THE TRAVELING MEN OF BALLYCOO

The title and the cover, with the three unglamorous traveling men jigging and waving merrily in a meadow, tell you what to expect from Bunting's brogue-laden tale of the three musicians—Cathal wailing out "The Hunt" on a penny whistle, Sean "bent near in two" over his fiddle, and Young Jimmy playing the melodeon—who travel about, calling all Ireland home, and never stop to marry. "Didn't they have all they needed in each other, with their music to share and a royal welcome wherever they went?" But the years go by without a notice and finally, when even Young Jimmy is close to 70, the three retire to their cottage in Ballycoo, settling in well and playing their music at night. "But there was something wanting"—and no sooner does Cathal recognize what they need—an audience to share the music—than up goes a welcome sign on the door that draws all the neighbors in for a nightly party at home. And "Don't we still go places every night of our lives," asks Cathal, referring to the illusions conjured up by their music. Fair enough, and sufficiently well turned, with Zemach's dancing, gesturing figures and floating musical notes sustaining the lilt—but there's a bit of a tired, machine-made air to the story, and the pictures too seem simply to be supplying what's called for.

Pub Date: April 29, 1983

ISBN: 0153329785

Page Count: 36

Publisher: Harcourt Brace Jovanovich

Review Posted Online: April 17, 2012

Kirkus Reviews Issue: April 1, 1983

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Vital messages of self-love for darker-skinned children.

THE NIGHT IS YOURS

On hot summer nights, Amani’s parents permit her to go outside and play in the apartment courtyard, where the breeze is cool and her friends are waiting.

The children jump rope to the sounds of music as it floats through a neighbor’s window, gaze at stars in the night sky, and play hide-and-seek in the moonlight. It is in the moonlight that Amani and her friends are themselves found by the moon, and it illumines the many shades of their skin, which vary from light tan to deep brown. In a world where darkness often evokes ideas of evil or fear, this book is a celebration of things that are dark and beautiful—like a child’s dark skin and the night in which she plays. The lines “Show everyone else how to embrace the night like you. Teach them how to be a night-owning girl like you” are as much an appeal for her to love and appreciate her dark skin as they are the exhortation for Amani to enjoy the night. There is a sense of security that flows throughout this book. The courtyard is safe and homelike. The moon, like an additional parent, seems to be watching the children from the sky. The charming full-bleed illustrations, done in washes of mostly deep blues and greens, make this a wonderful bedtime story.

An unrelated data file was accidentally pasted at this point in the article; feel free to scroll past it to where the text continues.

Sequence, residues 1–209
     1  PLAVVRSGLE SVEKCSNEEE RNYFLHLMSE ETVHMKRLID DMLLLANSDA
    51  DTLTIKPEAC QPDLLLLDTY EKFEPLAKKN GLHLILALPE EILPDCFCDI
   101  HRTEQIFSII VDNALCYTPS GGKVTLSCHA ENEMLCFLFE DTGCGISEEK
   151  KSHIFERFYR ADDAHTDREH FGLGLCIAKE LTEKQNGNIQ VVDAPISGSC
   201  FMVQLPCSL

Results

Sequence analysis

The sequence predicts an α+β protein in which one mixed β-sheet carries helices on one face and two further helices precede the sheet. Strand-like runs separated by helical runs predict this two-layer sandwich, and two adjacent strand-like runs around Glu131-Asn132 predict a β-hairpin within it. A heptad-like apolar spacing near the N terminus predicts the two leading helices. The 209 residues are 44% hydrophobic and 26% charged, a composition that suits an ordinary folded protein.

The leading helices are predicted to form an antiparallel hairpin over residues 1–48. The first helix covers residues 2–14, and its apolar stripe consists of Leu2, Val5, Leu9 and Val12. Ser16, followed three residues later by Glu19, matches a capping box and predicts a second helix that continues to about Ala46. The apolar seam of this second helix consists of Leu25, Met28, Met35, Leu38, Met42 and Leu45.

Vital messages of self-love for darker-skinned children. (Picture book. 3-7)

Pub Date: July 2, 2019

ISBN: 978-0-525-55271-0

Page Count: 32

Publisher: Dial Books

Review Posted Online: March 17, 2019

Kirkus Reviews Issue: April 1, 2019

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An invitation to wonder, imagine and look at everything (humans included) in a new way.

NOAH CHASES THE WIND

A young boy sees things a little differently than others.

Noah can see patterns in the dust when it sparkles in the sunlight. And if he puts his nose to the ground, he can smell the “green tang of the ants in the grass.” His most favorite thing of all, however, is to read. Noah has endless curiosity about how and why things work. Books open the door to those answers. But there is one question the books do not explain. When the wind comes whistling by, where does it go? Noah decides to find out. In a chase that has a slight element of danger—wind, after all, is unpredictable—Noah runs down streets, across bridges, near a highway, until the wind lifts him off his feet. Cowman’s gusty wisps show each stream of air turning a different jewel tone, swirling all around. The ribbons gently bring Noah home, setting him down under the same thinking tree where he began. Did it really happen? Worthington’s sensitive exploration leaves readers with their own set of questions and perhaps gratitude for all types of perspective. An author’s note mentions children on the autism spectrum but widens to include all who feel a little different.

An invitation to wonder, imagine and look at everything (humans included) in a new way. (Picture book. 4-8)

Pub Date: April 14, 2015

ISBN: 978-1-60554-356-7

Page Count: 32

Publisher: Redleaf Lane

Review Posted Online: Feb. 3, 2015

Kirkus Reviews Issue: Feb. 15, 2015

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